Before using the D-Wave system, it can sometimes be helpful to test code locally. Here we select one of Ocean software’s test samplers to solve classically on a CPU. Ocean’s dimod provides a sampler that simply returns the BQM’s value (energy) for every possible assignment of variable values.

>>> from dimod.reference.samplers import ExactSolver
>>> sampler = ExactSolver()
>>> solution = sampler.sample(bqm)


Valid solutions—assignments of variables that do not violate any constraint—should have the lowest value of the BQM, and ExactSolver() orders its assignments of variables by ascending order, so the first solution has the lowest value (lowest energy state). The code below sets variable min_energy to the BQM’s lowest value, which is in the first record of the returned result.

>>> min_energy = next(solution.data(['energy']))[0]
>>> print(min_energy)
-2.0


The code below prints all those solutions (assignments of variables) for which the BQM has its minimum value.

>>> for sample, energy in solution.data(['sample', 'energy']):
...     if energy == min_energy:
...         time = 'business hours' if sample['time'] else 'evenings'
...         location = 'office' if sample['location'] else 'home'
...         length = 'short' if sample['length'] else 'long'
...         mandatory = 'mandatory' if sample['mandatory'] else 'optional'
...         print("During {} at {}, you can schedule a {} meeting that is {}".format(time, location, length, mandatory))
...
During evenings at home, you can schedule a short meeting that is optional
During evenings at home, you can schedule a short meeting that is mandatory
During business hours at office, you can schedule a short meeting that is mandatory
During business hours at office, you can schedule a long meeting that is mandatory


### Solving on a D-Wave System¶

We now solve on a D-Wave system using sampler DWaveSampler() from Ocean software’s dwave-system. We also use its EmbeddingComposite() composite to map our unstructured problem (variables such as time etc.) to the sampler’s graph structure (the QPU’s numerically indexed qubits) in a process known as minor-embedding. The next code sets up a D-Wave system as the sampler.

Note

In the code below, replace sampler parameters in the third line. If you configured a default solver, as described in Using a D-Wave System, you should be able to set the sampler without parameters as sampler = EmbeddingComposite(DWaveSampler()). You can see this information by running dwave config inspect in your terminal.

>>> from dwave.system.samplers import DWaveSampler
>>> from dwave.system.composites import EmbeddingComposite
>>> sampler = EmbeddingComposite(DWaveSampler(endpoint='https://URL_to_my_D-Wave_system/', token='ABC-123456789012345678901234567890', solver='My_D-Wave_Solver'))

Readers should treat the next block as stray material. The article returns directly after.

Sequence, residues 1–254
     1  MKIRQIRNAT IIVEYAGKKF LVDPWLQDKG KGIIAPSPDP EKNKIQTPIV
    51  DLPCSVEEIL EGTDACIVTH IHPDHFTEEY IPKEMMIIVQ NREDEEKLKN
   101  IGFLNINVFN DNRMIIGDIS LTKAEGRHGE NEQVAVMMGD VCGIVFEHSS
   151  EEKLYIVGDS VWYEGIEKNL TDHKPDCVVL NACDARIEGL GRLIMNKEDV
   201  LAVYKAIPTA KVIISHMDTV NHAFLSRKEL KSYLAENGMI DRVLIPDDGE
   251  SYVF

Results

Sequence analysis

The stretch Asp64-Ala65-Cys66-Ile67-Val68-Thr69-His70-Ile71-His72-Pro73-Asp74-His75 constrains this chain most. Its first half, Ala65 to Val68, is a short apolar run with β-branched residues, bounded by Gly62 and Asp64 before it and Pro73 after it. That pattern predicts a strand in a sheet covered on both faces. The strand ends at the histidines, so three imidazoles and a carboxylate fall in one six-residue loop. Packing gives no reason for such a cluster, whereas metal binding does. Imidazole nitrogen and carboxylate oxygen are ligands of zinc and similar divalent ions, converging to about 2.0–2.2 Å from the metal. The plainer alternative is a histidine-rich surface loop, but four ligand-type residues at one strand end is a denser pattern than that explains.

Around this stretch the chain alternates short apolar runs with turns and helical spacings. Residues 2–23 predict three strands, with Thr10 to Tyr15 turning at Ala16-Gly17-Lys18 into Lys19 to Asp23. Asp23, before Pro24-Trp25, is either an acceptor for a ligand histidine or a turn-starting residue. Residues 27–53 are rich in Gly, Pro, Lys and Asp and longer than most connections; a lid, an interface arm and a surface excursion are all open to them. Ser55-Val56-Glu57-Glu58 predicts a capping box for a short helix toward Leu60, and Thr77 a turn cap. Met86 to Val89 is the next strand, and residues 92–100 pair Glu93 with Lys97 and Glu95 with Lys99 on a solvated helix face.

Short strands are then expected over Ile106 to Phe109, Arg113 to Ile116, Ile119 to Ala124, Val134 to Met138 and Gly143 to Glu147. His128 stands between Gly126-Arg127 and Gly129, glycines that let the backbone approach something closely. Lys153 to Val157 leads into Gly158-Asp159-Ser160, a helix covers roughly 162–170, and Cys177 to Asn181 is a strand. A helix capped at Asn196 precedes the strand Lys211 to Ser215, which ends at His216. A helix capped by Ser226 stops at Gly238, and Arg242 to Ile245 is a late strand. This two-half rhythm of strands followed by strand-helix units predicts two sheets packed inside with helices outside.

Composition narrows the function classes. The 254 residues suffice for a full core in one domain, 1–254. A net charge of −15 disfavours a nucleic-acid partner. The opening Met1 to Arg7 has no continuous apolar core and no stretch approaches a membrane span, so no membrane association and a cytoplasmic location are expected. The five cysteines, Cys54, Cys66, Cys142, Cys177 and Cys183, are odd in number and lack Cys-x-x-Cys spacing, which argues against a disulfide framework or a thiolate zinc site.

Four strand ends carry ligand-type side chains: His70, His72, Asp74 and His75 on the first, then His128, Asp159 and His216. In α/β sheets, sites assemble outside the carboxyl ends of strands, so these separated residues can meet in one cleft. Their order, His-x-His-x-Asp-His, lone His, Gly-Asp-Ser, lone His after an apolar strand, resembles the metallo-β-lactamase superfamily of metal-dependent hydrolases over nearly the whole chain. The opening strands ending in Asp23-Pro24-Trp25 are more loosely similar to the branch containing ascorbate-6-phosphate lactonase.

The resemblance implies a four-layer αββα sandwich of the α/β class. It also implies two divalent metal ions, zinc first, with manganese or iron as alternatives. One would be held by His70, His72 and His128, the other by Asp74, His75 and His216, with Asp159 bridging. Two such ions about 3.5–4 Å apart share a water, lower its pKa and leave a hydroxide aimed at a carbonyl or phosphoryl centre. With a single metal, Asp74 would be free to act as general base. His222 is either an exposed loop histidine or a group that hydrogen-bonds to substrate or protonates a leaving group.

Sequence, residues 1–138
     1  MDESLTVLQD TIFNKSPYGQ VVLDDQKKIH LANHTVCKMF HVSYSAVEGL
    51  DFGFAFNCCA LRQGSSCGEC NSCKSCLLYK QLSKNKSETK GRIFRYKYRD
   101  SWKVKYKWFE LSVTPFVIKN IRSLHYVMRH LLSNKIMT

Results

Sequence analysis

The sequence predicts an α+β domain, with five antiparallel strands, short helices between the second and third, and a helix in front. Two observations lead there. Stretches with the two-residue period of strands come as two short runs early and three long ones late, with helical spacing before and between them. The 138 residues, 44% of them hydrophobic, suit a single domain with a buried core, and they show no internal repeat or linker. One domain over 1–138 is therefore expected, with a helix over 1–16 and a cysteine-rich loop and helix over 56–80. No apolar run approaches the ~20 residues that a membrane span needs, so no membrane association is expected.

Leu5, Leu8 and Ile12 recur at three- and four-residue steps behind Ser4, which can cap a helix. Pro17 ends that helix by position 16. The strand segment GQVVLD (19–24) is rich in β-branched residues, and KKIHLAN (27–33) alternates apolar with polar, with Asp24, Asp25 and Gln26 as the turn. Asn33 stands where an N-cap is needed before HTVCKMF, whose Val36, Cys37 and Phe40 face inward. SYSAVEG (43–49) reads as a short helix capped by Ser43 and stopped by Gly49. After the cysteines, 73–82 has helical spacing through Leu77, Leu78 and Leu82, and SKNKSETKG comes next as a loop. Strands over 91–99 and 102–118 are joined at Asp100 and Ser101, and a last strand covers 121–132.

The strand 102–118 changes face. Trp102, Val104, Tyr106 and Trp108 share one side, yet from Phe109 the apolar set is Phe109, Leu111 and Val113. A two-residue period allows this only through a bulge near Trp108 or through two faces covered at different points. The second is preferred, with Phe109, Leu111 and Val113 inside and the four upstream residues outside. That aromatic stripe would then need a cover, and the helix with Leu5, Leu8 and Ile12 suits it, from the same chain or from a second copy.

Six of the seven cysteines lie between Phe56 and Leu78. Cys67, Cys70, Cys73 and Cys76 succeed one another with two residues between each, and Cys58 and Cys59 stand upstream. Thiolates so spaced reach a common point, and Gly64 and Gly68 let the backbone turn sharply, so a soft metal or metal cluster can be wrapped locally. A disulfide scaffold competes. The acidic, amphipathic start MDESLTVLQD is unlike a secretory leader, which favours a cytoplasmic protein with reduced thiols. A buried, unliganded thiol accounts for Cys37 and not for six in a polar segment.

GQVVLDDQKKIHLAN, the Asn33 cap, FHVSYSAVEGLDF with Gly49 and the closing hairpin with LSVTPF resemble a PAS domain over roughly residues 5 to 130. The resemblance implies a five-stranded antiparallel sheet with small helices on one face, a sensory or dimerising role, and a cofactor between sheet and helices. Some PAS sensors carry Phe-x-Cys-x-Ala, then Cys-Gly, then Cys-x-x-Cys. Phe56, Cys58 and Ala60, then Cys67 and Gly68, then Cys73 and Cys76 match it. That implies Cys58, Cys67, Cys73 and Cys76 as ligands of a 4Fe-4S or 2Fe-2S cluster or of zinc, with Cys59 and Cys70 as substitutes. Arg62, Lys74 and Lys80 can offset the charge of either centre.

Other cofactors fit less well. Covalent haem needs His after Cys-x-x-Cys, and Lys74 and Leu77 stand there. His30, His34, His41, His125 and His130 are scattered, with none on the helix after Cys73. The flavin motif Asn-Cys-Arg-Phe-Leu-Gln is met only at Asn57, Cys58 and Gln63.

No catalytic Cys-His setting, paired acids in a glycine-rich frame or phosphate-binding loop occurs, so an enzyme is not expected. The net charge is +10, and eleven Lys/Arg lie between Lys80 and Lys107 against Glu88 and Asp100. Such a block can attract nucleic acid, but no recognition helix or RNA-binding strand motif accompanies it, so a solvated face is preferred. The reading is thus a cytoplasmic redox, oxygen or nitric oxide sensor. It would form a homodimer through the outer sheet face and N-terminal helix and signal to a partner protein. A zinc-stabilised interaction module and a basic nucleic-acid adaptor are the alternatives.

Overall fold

Because the sampled solution is probabilistic, returned solutions may differ between runs. Typically, when submitting a problem to the system, we ask for many samples, not just one. This way, we see multiple “best” answers and reduce the probability of settling on a suboptimal answer. Below, we ask for 5000 samples.

>>> response = sampler.sample(bqm, num_reads=5000)


The code below prints all those solutions (assignments of variables) for which the BQM has its minimum value and the number of times it was found.

>>> total = 0
... for sample, energy, occurrences in response.data(['sample', 'energy', 'num_occurrences']):
...     total = total + occurrences
...     if energy == min_energy:
...         time = 'business hours' if sample['time'] else 'evenings'
...         location = 'office' if sample['location'] else 'home'
...         length = 'short' if sample['length'] else 'long'
...         mandatory = 'mandatory' if sample['mandatory'] else 'optional'
...         print("{}: During {} at {}, you can schedule a {} meeting that is {}".format(occurrences, time, location, length, mandatory))
... print("Total occurrences: ", total)
...
1676: During business hours at office, you can schedule a long meeting that is mandatory
1229: During business hours at office, you can schedule a short meeting that is mandatory
1194: During evenings at home, you can schedule a short meeting that is optional
898: During evenings at home, you can schedule a short meeting that is mandatory
Total occurrences:  5000


## Summary¶

In the terminology of Ocean Software Stack, Ocean tools moved the original problem through the following layers:

• Application: scheduling under constraints. There exist many CSPs that are computationally hard problems; for example, the map-coloring problem is to color all regions of a map such that any two regions sharing a border have different colors. The job-shop scheduling problem is to schedule multiple jobs done on several machines with constraints on the machines’ execution of tasks.
• Method: constraint compilation.
• Sampler API: the Ocean tool builds a BQM with lowest values (“ground states”) that correspond to assignments of variables that satisfy all constraints.
• Sampler: classical ExactSolver() and then DWaveSampler().
• Compute resource: first a local CPU then a D-Wave system.